hopper floradora girls
Floradora Girls

By the time of her mother’s death Edna had already starred in her most famous role, Lady Holyrood in the popular London stage play FLORADORA. Though not playing one of the renowned Florodora Sextettes, she shared in some of the wild adulation of male admirers who mobbed the backstage door after every performance.

Edna took fewer acting roles in the 1910s, but her career took off in a surprising new direction in the 1920s. She was one of the earliest stage actors to have a facelift – she even had the operation filmed! She would make personal appearance tours over the next eight years showing the film and giving beauty tips.
hopper dont envy me_nov 1923
Edna’s beauty advice appeared often during the 1920s in newspapers like the Los Angeles Times.
Edna’s tours and timeless good looks captured the attention Claude C. Hopkins, and advertising man who worked for American Home Products. The cosmetics line was a success and was still be advertised in the 1940s, although by that time only Edna’s name was being used.
Hopper separated from her second husband and he died in the 1930s. She went on to become the only woman of the thirty-six member board of L. F. Rothschild & Co. She traveled daily by subway to her office to handle investments until shortly before her death in New York City from complications of pneumonia on December 14, 1959. The news reports of her death gave her age as anywhere from the mid-80s to 95.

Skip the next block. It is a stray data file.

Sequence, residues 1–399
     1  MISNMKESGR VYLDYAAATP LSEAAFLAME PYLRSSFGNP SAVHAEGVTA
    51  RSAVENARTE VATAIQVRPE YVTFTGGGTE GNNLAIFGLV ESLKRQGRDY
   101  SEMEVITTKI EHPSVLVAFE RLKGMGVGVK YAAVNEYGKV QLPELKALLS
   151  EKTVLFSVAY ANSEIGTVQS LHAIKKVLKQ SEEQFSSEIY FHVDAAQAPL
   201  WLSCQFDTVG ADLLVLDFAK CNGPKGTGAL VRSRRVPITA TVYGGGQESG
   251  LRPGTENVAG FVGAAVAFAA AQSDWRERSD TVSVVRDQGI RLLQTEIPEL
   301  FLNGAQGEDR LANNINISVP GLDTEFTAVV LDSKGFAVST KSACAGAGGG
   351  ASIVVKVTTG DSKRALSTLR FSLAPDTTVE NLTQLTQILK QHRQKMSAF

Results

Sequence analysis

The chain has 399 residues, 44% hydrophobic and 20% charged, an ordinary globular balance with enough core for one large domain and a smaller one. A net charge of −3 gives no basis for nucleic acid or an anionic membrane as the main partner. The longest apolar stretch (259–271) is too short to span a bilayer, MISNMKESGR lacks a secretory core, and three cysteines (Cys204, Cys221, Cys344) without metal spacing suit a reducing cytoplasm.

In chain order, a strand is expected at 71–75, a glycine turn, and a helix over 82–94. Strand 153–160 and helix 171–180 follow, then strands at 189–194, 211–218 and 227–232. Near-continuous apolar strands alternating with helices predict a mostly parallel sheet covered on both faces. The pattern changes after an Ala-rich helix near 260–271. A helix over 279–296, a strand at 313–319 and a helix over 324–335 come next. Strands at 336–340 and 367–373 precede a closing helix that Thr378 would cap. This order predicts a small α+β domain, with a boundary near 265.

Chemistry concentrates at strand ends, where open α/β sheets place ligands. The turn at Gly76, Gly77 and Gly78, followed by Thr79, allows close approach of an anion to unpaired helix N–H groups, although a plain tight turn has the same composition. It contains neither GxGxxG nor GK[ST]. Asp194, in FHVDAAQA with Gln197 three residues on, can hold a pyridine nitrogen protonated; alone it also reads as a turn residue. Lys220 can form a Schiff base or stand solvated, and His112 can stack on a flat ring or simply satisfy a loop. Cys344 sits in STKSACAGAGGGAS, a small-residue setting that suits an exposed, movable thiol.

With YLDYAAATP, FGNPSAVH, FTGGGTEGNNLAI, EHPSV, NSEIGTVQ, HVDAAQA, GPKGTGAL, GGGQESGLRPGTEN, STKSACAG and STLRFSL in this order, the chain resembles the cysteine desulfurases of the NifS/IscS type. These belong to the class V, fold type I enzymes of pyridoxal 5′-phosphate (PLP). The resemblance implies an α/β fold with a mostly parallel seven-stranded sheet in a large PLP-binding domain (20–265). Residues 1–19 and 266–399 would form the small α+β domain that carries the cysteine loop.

In 1906, the estate was purchased by I.W. Hellman Jr. who worked for Wells Fargo Bank in San Francisco, as a summer home for his family. They dubbed their estate Oakvale Park. By 1913 the mansion was remodeled to accommodate the growing Hellman family and their acquisition from European travels.

 The Hellmans enjoyed the estate together for fourteen years until Mr. Hellman died in 1920. Mrs. Hellman kept the estate, where her children and grandchildren came for long summer days, until the late 1950's. During the Hellman era the landscaping at the northern end of the estate was developed, and the swimming pool and Dinkelspiel House were added to the estate.

The estate was purchased by the City of Oakland in the early 1960s with the intent of using the grounds and mansion as a conference center. A non-profit organization was formed in 1971 to preserve and restore the estate for the public benefit. For many years, the non-profit group and the City jointly operated the estate until 2010 where the City of Oakland became the sole proprietor.

The Dunsmuir Hellman mansion has been designated a National Historic Site by the United States Department of the Interior and both the mansion and the Carriage House have been designated Historic Landmarks by the City of Oakland.